Last week, Jaeger-LeCoultre unveiled a spectacular new watch, the Master Ultra Thin Perpetual Calendar. The new Master Ultra Thin (“MUT”) Perpetual Calendar — offered in pink gold (Ref Q1302520), white gold (Ref Q1303520) and steel (Ref Q130842J) — is a watch that gives watch enthusiasts and collectors a lot of reasons to get excited. In the new Master Ultra Thin Perpetual, we see a superb combination of the manufacture’s rich heritage of ultra-thin watchmaking and one of high watchmaking’s most quintessential complications, the perpetual calendar. The result, as you see on my wrist above, is pure and classic beauty.
And not only does it look good, but the price point on this new Perpetual Calendar (would you believe under $20,000 on the piece above?) will bring one of watchmaking’s most heralded complications into reach for a broader group of aspiring connoisseur’s of fine watches.
I was fortunate to join the wonderful team from Jaeger-LeCoultre at its boutique in the Wynn Las Vegas Resort last week for the official unveiling of these new references. Which means that you are in luck today as I share lots of hands-on pics and a detailed run-down of the new Jaeger-LeCoultre Master Ultra Thin Perpetual Calendar.
Entrance to the Jaeger-LeCoultre Boutique at the Wynn Las Vegas & Encore Resort
One of JLC’s newer boutiques (it was announced late last year), JLC @ the Wynn is very tastefully designed inside and out
As I think most everyone would agree, the perpetual calendar (or quantième perpétuel) is one of the signature complications of high watchmaking. However, it is a complication that is rarely paired with an ultra-thin caliber. It does not take much to appreciate the high degree of horological know-how that is required to craft a beautiful marriage of the two, but I would say that Jaeger-LeCoultre was clearly up to the task on this occasion.
The new Master Ultra Thin has a perfectly sized case: 39mm diameter, 9.2mm thin (thank you JLC Caliber 868 — more on this below). As well, the lugs are streamlined and do not call attention to themselves, and the bezel is thin. Simply put, this watch will sit elegantly on almost anyone’s wrist.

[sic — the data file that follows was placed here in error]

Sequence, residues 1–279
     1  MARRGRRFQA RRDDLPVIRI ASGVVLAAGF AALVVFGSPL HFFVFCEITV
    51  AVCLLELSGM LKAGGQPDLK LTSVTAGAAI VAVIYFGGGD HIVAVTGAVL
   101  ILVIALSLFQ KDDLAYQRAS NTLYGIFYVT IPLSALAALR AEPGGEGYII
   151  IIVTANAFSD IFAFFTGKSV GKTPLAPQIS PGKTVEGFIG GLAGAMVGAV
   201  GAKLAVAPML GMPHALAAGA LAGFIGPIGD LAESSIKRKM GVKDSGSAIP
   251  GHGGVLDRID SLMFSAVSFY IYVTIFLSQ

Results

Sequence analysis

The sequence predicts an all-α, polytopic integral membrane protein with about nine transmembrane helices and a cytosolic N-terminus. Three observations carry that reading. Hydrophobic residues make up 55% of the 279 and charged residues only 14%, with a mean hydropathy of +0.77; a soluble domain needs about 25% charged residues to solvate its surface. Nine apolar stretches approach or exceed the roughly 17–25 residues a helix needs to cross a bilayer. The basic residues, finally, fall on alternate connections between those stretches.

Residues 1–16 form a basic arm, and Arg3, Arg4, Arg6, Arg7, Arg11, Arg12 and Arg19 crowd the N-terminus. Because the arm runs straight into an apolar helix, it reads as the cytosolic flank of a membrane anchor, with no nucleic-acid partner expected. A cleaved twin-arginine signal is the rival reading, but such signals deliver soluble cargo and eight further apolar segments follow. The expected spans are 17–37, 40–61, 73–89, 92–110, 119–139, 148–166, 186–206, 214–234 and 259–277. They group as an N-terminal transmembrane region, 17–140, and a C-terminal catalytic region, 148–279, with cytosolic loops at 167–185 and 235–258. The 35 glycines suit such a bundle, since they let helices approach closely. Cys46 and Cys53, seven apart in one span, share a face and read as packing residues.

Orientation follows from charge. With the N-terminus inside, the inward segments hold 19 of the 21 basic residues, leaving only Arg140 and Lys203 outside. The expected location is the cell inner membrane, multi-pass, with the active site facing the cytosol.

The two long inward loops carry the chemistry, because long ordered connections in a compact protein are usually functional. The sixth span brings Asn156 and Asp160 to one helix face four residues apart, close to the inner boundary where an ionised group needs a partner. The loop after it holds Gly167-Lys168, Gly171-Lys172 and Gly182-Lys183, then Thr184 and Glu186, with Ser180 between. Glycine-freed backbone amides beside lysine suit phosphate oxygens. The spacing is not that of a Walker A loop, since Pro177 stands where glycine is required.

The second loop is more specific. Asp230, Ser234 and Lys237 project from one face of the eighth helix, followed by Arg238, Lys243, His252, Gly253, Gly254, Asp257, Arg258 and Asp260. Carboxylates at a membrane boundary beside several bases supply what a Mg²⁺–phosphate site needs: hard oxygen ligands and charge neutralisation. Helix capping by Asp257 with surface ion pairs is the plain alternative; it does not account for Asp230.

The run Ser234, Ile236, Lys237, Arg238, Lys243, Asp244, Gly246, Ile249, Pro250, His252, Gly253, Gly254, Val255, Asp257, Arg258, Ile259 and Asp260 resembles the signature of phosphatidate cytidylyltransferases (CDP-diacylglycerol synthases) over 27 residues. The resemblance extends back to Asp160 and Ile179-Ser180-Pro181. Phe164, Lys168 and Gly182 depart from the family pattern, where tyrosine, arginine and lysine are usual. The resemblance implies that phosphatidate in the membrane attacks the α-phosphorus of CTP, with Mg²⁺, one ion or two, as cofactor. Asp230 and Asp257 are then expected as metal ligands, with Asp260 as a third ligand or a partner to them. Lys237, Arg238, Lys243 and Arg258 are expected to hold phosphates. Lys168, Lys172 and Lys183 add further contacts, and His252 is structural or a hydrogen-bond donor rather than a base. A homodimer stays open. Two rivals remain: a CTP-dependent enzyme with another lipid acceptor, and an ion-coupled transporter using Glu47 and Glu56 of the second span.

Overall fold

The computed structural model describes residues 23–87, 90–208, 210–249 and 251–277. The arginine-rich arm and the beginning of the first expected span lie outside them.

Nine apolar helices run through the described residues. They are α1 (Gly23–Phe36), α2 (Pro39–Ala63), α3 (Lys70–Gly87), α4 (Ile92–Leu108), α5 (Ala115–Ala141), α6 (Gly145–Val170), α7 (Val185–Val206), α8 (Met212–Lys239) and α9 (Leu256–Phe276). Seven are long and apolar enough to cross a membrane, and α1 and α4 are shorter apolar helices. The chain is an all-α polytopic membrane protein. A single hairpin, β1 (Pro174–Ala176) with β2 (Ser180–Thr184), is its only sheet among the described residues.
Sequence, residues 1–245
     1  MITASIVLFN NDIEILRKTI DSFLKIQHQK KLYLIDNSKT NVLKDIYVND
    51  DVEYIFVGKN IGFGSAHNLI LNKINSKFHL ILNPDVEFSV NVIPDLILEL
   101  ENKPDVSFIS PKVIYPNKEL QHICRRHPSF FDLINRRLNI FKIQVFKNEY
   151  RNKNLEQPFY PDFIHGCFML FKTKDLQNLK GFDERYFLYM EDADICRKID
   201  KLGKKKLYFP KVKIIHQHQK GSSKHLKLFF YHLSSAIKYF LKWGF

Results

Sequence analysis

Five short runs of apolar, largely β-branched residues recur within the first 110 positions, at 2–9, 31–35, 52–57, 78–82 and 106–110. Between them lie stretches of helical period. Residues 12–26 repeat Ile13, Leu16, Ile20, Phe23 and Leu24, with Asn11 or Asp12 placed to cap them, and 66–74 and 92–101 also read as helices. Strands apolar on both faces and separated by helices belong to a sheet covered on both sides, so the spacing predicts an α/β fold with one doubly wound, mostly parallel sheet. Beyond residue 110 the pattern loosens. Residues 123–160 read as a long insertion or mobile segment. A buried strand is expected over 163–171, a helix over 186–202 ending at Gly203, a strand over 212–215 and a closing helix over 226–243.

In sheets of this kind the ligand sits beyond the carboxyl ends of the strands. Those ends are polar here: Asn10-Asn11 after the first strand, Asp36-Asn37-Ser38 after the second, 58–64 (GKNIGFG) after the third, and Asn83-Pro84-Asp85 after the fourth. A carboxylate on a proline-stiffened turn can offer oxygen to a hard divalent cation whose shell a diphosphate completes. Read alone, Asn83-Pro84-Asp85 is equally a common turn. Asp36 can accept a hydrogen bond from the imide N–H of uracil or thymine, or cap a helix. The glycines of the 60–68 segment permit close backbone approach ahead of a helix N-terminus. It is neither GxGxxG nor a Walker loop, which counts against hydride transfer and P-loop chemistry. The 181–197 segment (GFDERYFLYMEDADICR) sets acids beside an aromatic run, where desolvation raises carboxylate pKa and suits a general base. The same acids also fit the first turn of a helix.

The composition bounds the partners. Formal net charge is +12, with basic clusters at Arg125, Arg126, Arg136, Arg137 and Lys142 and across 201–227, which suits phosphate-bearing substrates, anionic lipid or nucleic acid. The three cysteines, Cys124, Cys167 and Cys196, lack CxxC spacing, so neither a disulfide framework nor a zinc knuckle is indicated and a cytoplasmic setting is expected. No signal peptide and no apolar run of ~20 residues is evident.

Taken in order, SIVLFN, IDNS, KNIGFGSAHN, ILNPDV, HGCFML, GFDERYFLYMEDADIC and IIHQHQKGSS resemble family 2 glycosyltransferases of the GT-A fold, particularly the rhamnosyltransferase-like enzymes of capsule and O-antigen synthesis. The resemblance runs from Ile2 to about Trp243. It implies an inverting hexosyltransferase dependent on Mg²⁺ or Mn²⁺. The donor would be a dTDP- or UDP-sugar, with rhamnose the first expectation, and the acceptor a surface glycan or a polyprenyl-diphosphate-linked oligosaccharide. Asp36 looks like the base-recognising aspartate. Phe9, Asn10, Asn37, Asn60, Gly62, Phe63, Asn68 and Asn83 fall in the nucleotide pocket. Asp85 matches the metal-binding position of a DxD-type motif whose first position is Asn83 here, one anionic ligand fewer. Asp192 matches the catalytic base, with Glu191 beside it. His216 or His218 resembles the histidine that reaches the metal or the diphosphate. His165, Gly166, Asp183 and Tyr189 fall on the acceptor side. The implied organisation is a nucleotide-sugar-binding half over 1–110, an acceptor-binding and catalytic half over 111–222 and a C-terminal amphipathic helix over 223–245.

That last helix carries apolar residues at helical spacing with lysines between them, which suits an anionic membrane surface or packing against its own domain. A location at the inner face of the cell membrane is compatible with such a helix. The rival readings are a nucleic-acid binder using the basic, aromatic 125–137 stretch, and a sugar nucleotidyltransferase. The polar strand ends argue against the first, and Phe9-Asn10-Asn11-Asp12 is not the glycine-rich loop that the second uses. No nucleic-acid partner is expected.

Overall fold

Let’s now take a closer look at the calendar functions, and then I will discuss the aesthetics of the dial tone and appliques before touching upon the automatic mechanical ultra-thin caliber in the new MUT perpetual. Shown here in the steel — which unlike the gold references will be offered exclusively through JLC boutiques — one can immediately appreciate the classic design of the watch and its clear and self-evident indications.
The three counters are very well proportioned relative to the rest of the dial; their size is such that their indications are legible and they do not crowd the center of the dial. The moon phase aperture and “Jaeger-LeCoultre” logo/signature at the top of the dial provide additional balance. Of course a perpetual calendar function must indicate not just day/date/month, but also the current year. And on the Master Ultra Thin Perpetual, a full four-digit display appears through a small aperture at 7 o’clock. Jaeger uses this four-digit year display on some of its other perpetuals (Master Eight Days Perpetual 40, for example) — and I do like it.
Now if you have a keen eye you may also have noticed there is a small aperture just above the center-set hour/min/second hands. Not always seen on perpetuals (though certainly not new to JLC), this indicator tells the wearer the period during which it is preferable to avoid adjustments to the watch so as to avoid potentially damaging the gear wheels that are already engaged in preparing the change of indication that takes place at midnight. The critical time thus being the couple hours on either side of midnight, the window turns gradually red as evening falls and returns to the same shade as the rest of the dial a few hours later.